The Ten Steps to Being Better

by Marshall Brain

How does one become a better human being? How do you go about the process of being better? Many members of DecidingToBeBetter choose the path known as The Ten Steps to Being Better, as outlined here:

  1. The process starts with self-assessment. Look at your life. Take the time to look at yourself, and your life so far, introspectively, honestly and without holding back. Look at every aspect of your life: your relationships with your family and friends, your career, your finances, your education, your personality, your morals and ethics, your health, your fitness, your charity, your politics, your causes, your hobbies, your sexuality, your virtues, your vices, and so on. As you are assessing, look also at your hopes for the future - things that you would hope to achieve as you move forward. Write down what you discover. Try to understand the things that make you happy and the things that displease you; the things that cause you to smile and the things that just aren't working; the things that bring joy and the things that bring terror in your life... everything. As you look at the result of your self-assessment, one of three things will happen:
    • You will identify negatives in your life that you would like to eliminate
    • You will identify skills and opportunities that you would like to add to your life (e.g. learning a new language, learning how to start a business, learning how to be more generous, learning to be a better spouse, etc.)
    • You might discover that, all in all, you are happy - you like your life as it is. You do not feel the immediate need to eliminate or add anything

  2. Next you choose an area that you want to improve. If part of your life is in crisis at the moment (for example you are an alcoholic, or you are morbidly obese, or you explode in disproportional anger at the slightest provocation), then that part might beg for immediate attention. Otherwise, look at the results of your self-assessment with an eye toward finding the thing that displeases you most, or a thing that seems to be holding you back, or something that would bring you joy. It might be a negative in your life that you need to address, or a positive (like a new skill or opportunity) that you hope to bring into your life. In some cases it is beneficial to choose both a positive and a negative and to work on them together. But generally speaking, it is best to focus on one thing and give it your all.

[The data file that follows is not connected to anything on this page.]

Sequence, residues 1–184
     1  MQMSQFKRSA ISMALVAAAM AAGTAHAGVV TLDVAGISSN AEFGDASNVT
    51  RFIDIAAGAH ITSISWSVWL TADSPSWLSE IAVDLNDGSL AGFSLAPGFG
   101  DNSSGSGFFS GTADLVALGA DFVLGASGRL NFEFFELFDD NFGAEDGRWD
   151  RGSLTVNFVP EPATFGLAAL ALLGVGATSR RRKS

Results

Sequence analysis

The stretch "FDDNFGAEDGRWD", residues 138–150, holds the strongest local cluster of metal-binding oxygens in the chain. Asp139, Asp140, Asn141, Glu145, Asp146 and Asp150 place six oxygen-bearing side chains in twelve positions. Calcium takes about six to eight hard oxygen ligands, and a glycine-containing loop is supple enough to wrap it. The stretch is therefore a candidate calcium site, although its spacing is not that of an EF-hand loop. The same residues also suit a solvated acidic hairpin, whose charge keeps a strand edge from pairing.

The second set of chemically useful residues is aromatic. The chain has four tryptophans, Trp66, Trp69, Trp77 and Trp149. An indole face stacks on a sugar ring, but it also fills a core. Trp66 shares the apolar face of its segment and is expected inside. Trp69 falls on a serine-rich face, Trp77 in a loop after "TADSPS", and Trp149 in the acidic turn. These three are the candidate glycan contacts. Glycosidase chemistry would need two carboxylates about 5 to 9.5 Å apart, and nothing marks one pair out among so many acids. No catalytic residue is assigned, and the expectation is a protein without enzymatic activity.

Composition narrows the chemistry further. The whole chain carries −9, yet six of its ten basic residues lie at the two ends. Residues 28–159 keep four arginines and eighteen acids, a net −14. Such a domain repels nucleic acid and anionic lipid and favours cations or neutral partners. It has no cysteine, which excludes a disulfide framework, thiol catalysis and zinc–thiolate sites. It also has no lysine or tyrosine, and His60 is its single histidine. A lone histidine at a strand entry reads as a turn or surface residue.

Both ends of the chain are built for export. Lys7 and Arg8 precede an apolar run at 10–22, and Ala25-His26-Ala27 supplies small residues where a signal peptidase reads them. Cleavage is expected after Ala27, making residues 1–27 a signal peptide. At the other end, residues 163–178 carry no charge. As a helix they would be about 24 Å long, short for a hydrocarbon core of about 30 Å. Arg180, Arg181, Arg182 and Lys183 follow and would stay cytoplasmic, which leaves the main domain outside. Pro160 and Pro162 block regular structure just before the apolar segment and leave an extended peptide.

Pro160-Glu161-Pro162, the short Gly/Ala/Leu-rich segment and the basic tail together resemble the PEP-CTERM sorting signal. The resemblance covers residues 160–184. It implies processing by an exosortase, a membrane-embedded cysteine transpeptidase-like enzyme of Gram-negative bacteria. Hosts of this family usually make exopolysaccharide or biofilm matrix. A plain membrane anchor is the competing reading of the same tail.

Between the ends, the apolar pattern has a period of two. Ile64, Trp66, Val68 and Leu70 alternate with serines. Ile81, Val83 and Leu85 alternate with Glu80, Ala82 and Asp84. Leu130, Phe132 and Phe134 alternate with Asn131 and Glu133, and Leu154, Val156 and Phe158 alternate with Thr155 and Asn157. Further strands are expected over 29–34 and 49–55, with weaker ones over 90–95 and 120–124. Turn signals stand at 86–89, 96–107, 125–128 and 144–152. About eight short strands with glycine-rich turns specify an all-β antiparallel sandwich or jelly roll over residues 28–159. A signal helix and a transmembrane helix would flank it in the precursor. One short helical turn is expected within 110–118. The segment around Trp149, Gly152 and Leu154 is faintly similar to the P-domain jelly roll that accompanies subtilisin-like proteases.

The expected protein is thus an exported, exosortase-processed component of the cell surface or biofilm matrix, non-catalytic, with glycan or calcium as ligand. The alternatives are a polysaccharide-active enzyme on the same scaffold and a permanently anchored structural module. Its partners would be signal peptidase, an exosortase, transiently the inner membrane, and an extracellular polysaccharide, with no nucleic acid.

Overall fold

3. If it is a negative that you are addressing, Admit that you have a problem. Admit it to yourself. Consider talking to a close friend or family member and admitting that you have a problem to him or her. If you think it would help, admit it openly to a whole group of friends. This is not about self-flagellation or drawing attention to yourself - it's simply the case that some people are more motivated if they have friends and family helping. In admitting the problem to yourself, also admit that: a) this problem is having a significant negative impact on your life, and b) that your life would be significantly improved by addressing the problem.

    If it is a positive that you wish to add to your life, embrace the idea. Embrace the idea that this new skill or opportunity will significantly improve your life.

  4. Decide to be better. Make a conscious, heartfelt, convicted decision to solve the problem or acquire the skill you have chosen and to make your life better in so doing. For example, if you are obese and you have decided that you wish to solve this problem, then make a conscious, heartfelt, convicted decision to become a thin person. Say to yourself, "I am Deciding to be better." Make a commitment to truly solve the problem.

    In making that decision, create a list of reasons why you are making the decision. Make the list as big as you can - give yourself a dozen or more good, solid, life improving reasons for making your decision.